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In the Market, by Rebekah Chilvers, January 16, 2018




King's Lynn Town Sign
King's Lynn Town Sign

You’d have thought the biggest scandal to (dis)grace Hollywood in years would have made people think twice before being inappropriate with others, but, sadly, a recent incident has proved otherwise.

A couple of weekends ago I enjoyed a night out in Lynn with some friends, or at least I had enjoyed it until I was queueing for a drink at a bar and I was pinched on the bottom by someone I didn’t know.

It might not sound like a lot to some, but it made me feel uncomfortable, unhappy and, quite frankly, pretty enraged.

It has happened to me a few times during my six or so years of being old enough to ‘go out’, and I’m still flummoxed every time it happens. As I’ve got older and perhaps less naive, I have become less and less tolerant of this kind of behaviour.

It is unsolicited, unwanted and backwards. I just can’t understand the thought process, and I can’t imagine it often yields the desired results – if those ‘results’ are what I believe them to be.

According to a survey carried out by YouGov on behalf of the charity Drinkaware last year, almost three quarters of 18- to 24-year-old men and women who drink in bars, clubs or pubs said they had seen sexual harassment on a night out.

Nearly two-thirds of women and a quarter of men said they had been on the receiving end of some form of sexual harassment themselves, Drinkaware said.

These statistics are pretty sobering to say the least. In the 21st century, something needs to change. Drinkaware is just one organisation hoping to do something about it.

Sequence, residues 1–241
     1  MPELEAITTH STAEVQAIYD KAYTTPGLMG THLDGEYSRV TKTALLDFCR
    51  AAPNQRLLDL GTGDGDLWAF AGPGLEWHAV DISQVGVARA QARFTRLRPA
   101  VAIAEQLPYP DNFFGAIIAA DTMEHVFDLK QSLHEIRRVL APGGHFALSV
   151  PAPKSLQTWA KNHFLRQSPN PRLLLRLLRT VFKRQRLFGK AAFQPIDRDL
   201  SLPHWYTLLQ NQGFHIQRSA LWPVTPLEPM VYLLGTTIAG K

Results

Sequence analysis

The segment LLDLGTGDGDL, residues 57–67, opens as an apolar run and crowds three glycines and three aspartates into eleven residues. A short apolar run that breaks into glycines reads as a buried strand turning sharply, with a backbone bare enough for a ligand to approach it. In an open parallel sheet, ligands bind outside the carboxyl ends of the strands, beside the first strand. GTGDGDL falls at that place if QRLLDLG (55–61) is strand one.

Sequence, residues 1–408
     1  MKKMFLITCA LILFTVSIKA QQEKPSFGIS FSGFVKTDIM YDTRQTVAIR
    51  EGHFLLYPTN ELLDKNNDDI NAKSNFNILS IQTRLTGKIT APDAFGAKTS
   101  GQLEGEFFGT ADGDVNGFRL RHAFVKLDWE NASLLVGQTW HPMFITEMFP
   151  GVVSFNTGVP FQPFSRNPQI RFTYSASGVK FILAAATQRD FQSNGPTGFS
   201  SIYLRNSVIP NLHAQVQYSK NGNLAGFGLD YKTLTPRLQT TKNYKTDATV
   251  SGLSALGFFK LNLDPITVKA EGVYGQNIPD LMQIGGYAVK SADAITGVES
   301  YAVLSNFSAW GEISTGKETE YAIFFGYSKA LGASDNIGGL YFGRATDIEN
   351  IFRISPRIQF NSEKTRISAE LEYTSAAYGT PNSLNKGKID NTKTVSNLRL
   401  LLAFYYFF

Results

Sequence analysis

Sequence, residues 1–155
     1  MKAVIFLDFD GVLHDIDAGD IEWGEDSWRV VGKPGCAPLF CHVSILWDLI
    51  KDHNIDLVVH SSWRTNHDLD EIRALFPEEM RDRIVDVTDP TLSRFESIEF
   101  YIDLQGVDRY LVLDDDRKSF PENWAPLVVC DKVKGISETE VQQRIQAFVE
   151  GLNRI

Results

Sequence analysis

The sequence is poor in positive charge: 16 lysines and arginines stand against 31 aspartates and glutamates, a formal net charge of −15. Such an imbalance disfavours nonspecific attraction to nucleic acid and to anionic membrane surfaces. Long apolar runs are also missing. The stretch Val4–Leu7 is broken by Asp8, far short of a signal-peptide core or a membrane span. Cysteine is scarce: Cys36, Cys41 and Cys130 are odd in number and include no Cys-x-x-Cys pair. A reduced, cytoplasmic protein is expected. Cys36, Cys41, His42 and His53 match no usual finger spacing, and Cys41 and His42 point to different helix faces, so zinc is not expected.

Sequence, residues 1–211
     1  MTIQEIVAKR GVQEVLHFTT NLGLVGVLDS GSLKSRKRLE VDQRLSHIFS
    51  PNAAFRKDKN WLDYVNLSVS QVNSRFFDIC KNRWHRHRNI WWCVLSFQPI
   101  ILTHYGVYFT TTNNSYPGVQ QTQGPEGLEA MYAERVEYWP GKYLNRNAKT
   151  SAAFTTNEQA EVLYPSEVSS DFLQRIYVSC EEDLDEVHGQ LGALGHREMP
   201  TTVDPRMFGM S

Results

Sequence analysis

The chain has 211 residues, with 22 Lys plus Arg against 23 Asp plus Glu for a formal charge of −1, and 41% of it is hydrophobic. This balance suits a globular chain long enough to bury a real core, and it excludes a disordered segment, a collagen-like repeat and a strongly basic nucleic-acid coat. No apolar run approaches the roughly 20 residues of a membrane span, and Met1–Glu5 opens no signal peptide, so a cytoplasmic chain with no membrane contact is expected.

The charity issued some advice following the research to encourage those who witness this kind of behaviour to “challenge the status quo”.

This includes 1. Spot it – is something dodgy happening? 2. Check it – is it safe to step in? 3. Speak out – if it’s safe to do so, check in with the person being targeted. Are they okay? If not, try staff or security.

The severity of sexual harassment incidents varies from case to case, but even the smaller issues should be challenged.

I found former politician Ann Widdecombe’s comments on Celebrity Big Brother regarding wolf whistling problematic. She said she didn’t believe it was sexist and described the act as a “cheery expression of appreciation”.

While I can understand that this isn’t at the most serious end of the scale, what I can’t agree to is that it is OK.

And I can’t say my own experiences have always been “cheery”.

More often than not, it’s felt intimidating and leery, which I don’t particularly find “cheery”, sorry Ms Widdecombe (I’m sure that’s not the first topic I’ve disagreed with her on).

Despite the current state of things, I do believe and trust that the tide is turning.

The #MeToo hashtag proved just how widespread the issue is, but the Time’s Up movement and the response to it at the Golden Globe Awards gives me hope that change will come in time if we stand up to make it happen.



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